The rise and decline of Kohanga Reo

The beginnings of the Kohanga Reo movement as we know it was to stay the decline of te reo Maori and to address issues of socio-cultural disruption and concerns of identity loss (Skerrett-White, 2003). By bridging the sociolinguistic gap between the native older speaking generation and the younger generation/s some of the socio-cultural disruption associated with language loss would be alleviated whilst also contributing to a socio-culturally rejuvenated iwi (Maori people/tribes) Maori. In this respect Kohanga Reo has been the leading light in terms of spearheading a bilingual/immer- sion stream of education in Aotearoa/New Zealand. It is a movement led by the people, for the people, in the Maori language. However, by its very nature Kohanga Reo is swimming against the tide and constantly having to resist the hegemonic politics of capture as overviewed herein.

The chapter The rise and decline of te koohanga reo: The impact of government policy (Skerrett-White, 2001) overviewed its development in a context of rapid reform, centralized (State) controls, and neoliberal restructuring under the guise of “devolution.” Further, in a presentation to the TKR National Trust Board in 2002, Skerrett stated:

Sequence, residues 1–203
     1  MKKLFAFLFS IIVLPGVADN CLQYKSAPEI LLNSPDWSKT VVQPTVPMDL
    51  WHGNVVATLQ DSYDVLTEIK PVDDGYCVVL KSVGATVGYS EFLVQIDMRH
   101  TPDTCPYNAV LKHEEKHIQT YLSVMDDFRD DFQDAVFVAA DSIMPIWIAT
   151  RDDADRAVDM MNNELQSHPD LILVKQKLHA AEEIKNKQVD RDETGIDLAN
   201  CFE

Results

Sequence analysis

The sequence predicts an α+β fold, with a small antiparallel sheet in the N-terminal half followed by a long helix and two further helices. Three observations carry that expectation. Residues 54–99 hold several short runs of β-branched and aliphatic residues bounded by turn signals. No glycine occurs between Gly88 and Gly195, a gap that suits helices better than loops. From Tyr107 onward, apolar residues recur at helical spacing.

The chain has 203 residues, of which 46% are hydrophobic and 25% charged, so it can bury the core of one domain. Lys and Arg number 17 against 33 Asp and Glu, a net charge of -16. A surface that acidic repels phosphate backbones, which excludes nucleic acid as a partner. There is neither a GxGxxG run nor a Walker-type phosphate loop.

In terms of policy that supports whanau involvement and policy that supports the dual language, care and education roles—the gap is glaringly obvious—there in none. In fact public policy has been introduced which deliberately undermines the revernacularization goals of TKR—the subsidy cuts of the 1990s for a start, which took parents out of Kohanga because you had to be either in full-time employment or a full-time student in order to access the subsidy. One does not have to be brilliant to see how that policy would affect young Maori parents, especially in rural areas. (p. 19)

Within a very short time of the inception of TKR, the apparatus of the state proved to be antipathetic to what Kohanga was trying to do- revitalize the Maori language at the unit of whanau (the smallest unit of Maori tribal structures). Skerrett-White (2001) argued, “This New Right or Neo-Conservative ideology is about the coupling of the neo-liberal views of ‘individualism’ with a traditional conservative view of ‘power to the state’ ” (p. 12) and documented the subsuming of Maori aspirations in the “rush of reform” with the acquiescence of the TKR national representative body. Not much has changed. The following is a critique of policies that have impacted on TKR with, perhaps unintended, negative outcomes.

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